Then there are Rebels and Mercenaries. Magic is a game where we shuffle up cards, and as such, a certain amount of variance is important to make sure that not every game feels the same.[3] Rebels get rid of this. If you play Ramosian Sergeant on turn one, the rest of the game is essentially mapped out for you. On turn three, you get a two-mana Rebel. On turn four, you get Lin-Sivvi. Then you untap with Lin-Sivvi, and you pretty much can’t lose. Rebels are a cool concept, and I bought the preconstructed Rebels deck and had a ton of fun with it as a kid,[4] but the mechanical identity of “make every game the same,” especially when you only have to cast a single spell on turn one to establish this, is anti-fun. It replaces the player with a tutoring robot. 
[3] When people defend variance in Magic, they’ll often make the claim that without it, the better player would win every time, and therefore, no one would play the game. This is a horrible argument. No one would play Magic if every game was the same, but there are plenty of other ways to make games feel different other than actual randomness. Chess has such a wide possibility of moves that, even with zero luck whatsoever, games are wildly different from one another. Computer games like Starcraft and League of Legends don’t have any randomness, but players unintentionally add variance themselves via their imperfect ability to play the game.
[4] Because the store was sold out of the Mercenaries one.
It’s hard to describe the “alternate cost” mechanic as good or bad, because there are so many forms it can take. There are some implementations of it, like Delraich, that I think are genuinely cool, because you get a truly powerful thing, but pay a real cost to get it. Those are the things worth building decks around (around the time that I had the aforementioned Rebels deck, my friend did, in fact, build one around Delraich). I’m less high on the “return lands” cost, because setting yourself back in resources for a single spell is something that only the most calculating of players will appreciate, in a similar way to a lot of Ice Age’s designs. I’m not outraged at it, though.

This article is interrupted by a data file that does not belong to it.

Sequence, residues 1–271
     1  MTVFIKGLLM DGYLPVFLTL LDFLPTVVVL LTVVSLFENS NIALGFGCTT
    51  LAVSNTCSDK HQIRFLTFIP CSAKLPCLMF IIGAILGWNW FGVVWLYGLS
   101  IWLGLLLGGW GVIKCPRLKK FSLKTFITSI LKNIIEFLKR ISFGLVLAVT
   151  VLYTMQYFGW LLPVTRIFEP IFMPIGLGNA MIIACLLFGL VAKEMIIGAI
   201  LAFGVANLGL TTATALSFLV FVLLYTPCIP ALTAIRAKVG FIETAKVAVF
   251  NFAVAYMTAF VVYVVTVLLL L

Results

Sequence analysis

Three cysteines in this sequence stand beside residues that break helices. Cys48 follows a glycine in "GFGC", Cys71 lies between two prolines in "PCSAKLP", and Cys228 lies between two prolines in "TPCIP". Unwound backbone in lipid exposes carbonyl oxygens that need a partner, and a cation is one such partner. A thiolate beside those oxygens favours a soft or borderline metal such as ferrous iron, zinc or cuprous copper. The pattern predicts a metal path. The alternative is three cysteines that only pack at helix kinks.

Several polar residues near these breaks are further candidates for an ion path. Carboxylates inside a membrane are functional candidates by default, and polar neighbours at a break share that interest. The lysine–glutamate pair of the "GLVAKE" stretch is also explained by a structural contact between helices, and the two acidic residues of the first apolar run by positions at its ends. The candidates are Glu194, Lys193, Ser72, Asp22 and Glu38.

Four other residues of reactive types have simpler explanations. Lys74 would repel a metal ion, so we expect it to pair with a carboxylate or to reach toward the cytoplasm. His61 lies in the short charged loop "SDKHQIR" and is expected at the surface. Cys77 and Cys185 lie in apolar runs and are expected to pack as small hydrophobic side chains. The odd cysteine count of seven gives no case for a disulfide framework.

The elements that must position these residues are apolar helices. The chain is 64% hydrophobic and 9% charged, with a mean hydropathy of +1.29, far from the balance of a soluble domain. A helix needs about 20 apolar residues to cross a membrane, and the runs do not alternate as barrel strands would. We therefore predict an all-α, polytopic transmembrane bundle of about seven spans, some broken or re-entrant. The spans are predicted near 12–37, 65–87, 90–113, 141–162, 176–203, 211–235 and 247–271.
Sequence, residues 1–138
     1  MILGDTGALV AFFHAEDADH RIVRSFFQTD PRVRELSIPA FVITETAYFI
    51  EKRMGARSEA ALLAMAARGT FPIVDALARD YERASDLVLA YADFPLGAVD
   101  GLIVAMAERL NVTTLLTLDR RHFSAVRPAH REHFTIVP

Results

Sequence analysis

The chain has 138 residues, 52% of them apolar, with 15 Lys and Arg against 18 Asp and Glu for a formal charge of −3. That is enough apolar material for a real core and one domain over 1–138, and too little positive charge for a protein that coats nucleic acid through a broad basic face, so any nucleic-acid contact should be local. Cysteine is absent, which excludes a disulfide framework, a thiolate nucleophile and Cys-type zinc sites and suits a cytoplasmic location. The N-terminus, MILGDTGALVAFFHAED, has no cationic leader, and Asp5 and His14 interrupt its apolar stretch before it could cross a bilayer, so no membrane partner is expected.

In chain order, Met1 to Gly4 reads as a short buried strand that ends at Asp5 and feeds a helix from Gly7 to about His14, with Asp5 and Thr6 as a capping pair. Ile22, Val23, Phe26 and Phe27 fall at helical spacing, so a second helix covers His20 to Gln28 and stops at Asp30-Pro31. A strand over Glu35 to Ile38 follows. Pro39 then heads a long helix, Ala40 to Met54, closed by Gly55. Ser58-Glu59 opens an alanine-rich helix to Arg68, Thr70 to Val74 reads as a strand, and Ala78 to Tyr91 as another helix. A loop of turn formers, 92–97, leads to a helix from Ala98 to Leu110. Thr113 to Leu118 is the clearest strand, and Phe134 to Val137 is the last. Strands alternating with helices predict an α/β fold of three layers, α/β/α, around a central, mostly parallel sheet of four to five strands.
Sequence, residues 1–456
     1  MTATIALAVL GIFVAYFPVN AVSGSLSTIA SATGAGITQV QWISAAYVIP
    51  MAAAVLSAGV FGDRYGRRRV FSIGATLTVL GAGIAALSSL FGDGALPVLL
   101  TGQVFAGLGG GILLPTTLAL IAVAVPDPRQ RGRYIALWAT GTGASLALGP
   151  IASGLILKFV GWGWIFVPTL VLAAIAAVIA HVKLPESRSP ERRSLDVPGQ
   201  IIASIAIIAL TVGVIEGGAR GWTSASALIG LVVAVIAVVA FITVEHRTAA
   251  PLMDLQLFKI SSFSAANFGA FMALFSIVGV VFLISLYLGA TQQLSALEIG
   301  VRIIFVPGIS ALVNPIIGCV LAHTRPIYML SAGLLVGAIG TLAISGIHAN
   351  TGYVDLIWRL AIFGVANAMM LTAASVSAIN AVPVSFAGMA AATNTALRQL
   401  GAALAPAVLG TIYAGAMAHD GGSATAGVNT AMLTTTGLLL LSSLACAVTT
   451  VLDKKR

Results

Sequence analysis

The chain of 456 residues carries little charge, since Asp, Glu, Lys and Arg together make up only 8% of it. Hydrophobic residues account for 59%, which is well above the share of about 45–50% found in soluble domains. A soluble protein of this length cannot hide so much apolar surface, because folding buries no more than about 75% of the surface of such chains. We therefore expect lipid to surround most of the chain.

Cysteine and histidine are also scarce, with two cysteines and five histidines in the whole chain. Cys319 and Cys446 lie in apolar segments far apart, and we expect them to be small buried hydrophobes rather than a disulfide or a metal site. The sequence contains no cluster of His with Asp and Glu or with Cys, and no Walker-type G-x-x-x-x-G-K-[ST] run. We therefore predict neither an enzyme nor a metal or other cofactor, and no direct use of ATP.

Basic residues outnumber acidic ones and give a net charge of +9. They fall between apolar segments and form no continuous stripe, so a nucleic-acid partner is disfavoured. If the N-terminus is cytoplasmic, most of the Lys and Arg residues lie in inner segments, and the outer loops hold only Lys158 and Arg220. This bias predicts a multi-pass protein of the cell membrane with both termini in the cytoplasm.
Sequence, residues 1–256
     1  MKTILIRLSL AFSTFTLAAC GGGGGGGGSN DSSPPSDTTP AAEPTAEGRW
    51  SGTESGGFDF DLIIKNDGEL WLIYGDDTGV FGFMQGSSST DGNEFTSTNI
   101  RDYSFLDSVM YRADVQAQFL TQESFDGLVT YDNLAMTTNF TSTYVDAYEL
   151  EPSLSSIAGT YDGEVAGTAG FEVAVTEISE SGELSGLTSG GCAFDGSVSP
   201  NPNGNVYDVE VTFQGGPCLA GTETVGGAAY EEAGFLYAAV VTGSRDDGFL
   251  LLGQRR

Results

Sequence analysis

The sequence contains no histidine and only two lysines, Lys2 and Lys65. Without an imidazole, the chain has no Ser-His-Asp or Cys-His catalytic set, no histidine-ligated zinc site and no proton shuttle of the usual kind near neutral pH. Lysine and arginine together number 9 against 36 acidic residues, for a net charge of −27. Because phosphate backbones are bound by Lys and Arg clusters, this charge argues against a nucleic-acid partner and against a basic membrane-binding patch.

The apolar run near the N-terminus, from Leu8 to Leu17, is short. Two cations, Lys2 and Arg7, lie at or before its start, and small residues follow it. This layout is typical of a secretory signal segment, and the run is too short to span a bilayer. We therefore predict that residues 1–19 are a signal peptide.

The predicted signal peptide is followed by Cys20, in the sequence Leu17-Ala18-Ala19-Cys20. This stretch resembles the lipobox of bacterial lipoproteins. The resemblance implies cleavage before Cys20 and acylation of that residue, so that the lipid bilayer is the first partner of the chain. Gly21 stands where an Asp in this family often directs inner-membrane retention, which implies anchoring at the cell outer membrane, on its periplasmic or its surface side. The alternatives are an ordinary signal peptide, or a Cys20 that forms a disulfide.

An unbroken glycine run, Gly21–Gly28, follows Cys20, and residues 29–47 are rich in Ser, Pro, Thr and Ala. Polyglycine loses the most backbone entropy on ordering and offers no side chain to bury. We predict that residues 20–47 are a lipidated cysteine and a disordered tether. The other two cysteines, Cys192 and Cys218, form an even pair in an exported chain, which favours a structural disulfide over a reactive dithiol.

The ones I dislike are the ones that give some mediocre effect because you control a certain land type and your opponent has another. Color hosers are, in general, not the most fun Magic, and when your hoser is getting a free 1/2 with protection… uh, yay, I guess. It’s like being rewarded with getting a quarter off a bad cup of coffee. Even worse are the ones that give actual benefits for the free spell, like Massacre and Submerge. Those cards are incredible blowouts, and how are you supposed to avoid them? Play a different deck, I guess. Getting Submerged is one of the most frustrating things that can happen to a guy casting creatures.
The aesthetic of the block is strange, because each set is on a different plane. Mercadia is a bizarre-looking place, but not in a cool, “look at all these weird creatures” way like Rath is. Everything in Mercadia looks incredibly goofy, and I don’t think Magic is going to have villains with powdered faces and poofy shirts in Renaissance style again any time soon. Unlike Rath Cycle’s style guide, which defined what things looked like but allowed artists to take things in their unique direction, Mercadia’s style guide made everything look equally comical, and it wasn’t always intentional.
Then in the next set, we’re back on Rath again! Why Rath? Who knows! I don’t read the books! Anyway, the illustrators get to make Rath’s creepy-lumpy Moggs again, which are sweet, instead of Mercadia’s frilly-attired court goblins. They seem to have learned from this that this general “look” matches a lot more kinds of cards in Magic than Mercadia does.
You might notice above that I cite a lot of cards from Nemesis as being (sometimes oppressively) good. This is because Nemesis was by far the most powerful set of the three, and because it was the set that was newest when I had my 11th birthday (my first birthday when I was Into Magic so my parents could tell people to get me Magic cards), I ended up busting a shitload of Nemesis packs. It’s fortunate I ended up with this, because it had some genuinely cool cards. Dominate inspired the first deck I ever planned out on paper before building, rather than cobbling something together from cards onhand, or modifying a preconstructed deck. I also built around Death Pits Offering, and my friend used his (totally sweet) Ascendant Evincar to great effect against my aforementioned Rebels. Volrath the Fallen might the coolest creature in the block, both by design and aesthetic.
From a more modern perspective, if you do a Masques block draft,[5] Nemesis is like an oasis of quality. The power level disparity is comparable to Alara Reborn was for Shards Block, except that you didn’t have to be in specific colors to cast the cards.
[5] Don’t.